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Florence Wald, Hospice Pioneer, Dies At 91

November 17, 2008

A leader in hospice care in the United States and a former Yale nursing dean, Florence Wald, died at age 91.

Her daughter, Shari Vogler, said Wald died November 8th of natural causes at her Branford home, and a hospice volunteer was by her side to the end.

During the 1960s, Wald was dean of the Yale University School of Nursing when she updated its curriculum to include a stronger focus on comfort for dying patients and their families.

The founder of St. Christopher’s Hospice in London ignited Wald’s passion for hospice when she heard his lecture. She decided later to study at that center.

She returned to organize Connecticut Hospice in 1974, widely accepted to be the first U.S. hospice program.

The hospice movement, which includes more than 3,200 programs nationwide, focuses on providing care for terminally ill patients and their families.

Vogler said her husband and children also became deeply involved with her work.

“It was a family affair,” said Vogler, a nurse and trained hospice worker. “My mother was interested in the entire span of life, from birth through death, and she shared everything she was interested in with us all the way along the way.”

Wald’s recently worked to bring hospice care to U.S. prisons and train inmates as hospice volunteers.

She was born in New York and graduated from Mount Holyoke College in Massachusetts in 1938 before receiving her master’s degree in nursing from Yale in 1941. She was a nurse, research assistant and teacher before becoming dean of Yale’s College of Nursing in 1959.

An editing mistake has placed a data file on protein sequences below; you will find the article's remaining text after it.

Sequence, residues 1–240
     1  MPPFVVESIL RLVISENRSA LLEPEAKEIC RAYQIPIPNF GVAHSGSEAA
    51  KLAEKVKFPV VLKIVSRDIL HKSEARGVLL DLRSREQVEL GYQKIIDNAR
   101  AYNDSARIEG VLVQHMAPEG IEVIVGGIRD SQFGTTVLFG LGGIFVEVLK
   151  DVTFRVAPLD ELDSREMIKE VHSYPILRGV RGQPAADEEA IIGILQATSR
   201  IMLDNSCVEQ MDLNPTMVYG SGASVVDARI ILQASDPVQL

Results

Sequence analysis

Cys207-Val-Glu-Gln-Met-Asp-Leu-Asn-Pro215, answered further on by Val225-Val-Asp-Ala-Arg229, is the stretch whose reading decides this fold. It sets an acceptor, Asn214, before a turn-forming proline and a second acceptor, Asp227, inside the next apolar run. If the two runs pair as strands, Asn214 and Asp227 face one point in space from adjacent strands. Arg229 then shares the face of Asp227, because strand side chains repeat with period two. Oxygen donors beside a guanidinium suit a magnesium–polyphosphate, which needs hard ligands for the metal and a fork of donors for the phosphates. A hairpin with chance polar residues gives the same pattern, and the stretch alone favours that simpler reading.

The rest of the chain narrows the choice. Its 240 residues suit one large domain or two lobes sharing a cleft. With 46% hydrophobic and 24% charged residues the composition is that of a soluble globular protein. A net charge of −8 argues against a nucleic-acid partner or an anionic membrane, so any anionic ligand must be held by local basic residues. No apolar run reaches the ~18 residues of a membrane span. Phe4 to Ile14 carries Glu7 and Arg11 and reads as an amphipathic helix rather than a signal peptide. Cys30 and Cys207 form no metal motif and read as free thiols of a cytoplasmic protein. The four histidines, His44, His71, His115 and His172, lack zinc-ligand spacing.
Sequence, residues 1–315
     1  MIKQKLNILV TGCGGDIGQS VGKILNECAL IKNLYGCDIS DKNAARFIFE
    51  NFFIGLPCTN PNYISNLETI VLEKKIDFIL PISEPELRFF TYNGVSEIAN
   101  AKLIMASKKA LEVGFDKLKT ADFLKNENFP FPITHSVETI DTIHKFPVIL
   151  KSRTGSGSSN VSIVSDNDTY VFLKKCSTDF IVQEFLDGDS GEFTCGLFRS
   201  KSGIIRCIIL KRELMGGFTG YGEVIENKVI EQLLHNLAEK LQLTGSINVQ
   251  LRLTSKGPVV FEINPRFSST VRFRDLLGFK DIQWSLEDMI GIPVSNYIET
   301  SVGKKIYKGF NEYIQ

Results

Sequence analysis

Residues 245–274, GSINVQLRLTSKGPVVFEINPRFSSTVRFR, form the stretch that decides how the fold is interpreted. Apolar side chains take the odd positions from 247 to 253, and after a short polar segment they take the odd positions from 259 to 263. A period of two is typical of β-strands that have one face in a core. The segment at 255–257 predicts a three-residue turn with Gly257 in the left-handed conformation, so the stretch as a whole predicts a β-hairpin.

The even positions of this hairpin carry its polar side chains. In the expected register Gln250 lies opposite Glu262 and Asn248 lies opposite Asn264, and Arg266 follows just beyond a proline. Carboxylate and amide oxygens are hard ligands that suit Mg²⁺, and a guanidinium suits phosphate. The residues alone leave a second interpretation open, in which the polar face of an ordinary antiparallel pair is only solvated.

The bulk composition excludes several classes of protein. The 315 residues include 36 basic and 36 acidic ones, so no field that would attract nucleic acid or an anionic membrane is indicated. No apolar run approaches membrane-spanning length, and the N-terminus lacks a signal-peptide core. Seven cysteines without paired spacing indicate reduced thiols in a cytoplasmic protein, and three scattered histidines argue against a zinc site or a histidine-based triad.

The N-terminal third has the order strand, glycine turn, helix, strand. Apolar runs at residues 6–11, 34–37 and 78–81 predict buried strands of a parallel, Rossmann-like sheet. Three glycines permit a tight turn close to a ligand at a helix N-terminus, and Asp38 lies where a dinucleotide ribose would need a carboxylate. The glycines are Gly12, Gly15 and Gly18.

Wald has said before hospice was commonplace, many physicians were too focused on the evolving technology of medicine that their attention to patients’ needs was being eroded.

“It was difficult for them to give up the treatment even when they saw the patient was going down, down, down and suffering more, more, more,” she told The Associated Press at her 1998 induction into the National Women’s Hall of Fame.

“There are times when the symptoms can’t be controlled, and the physician and nurses and others need to meet that patient and let the patient decide for themselves what they want,” Wald said.

Congress ordered Medicare in 1982 to start paying for hospice service; about 900,000 patients currently receive services each year from programs.

“Our mother was passionate that all people should be treated as important,” said Wald’s son, Joel Wald, adding she also was interested in civil rights and the rights of women, patients and veterans. “We’re very fortunate to have had a mother who touched so many lives.”

Wald was honored in a memorial service at Yale on Wednesday, Vogler said.




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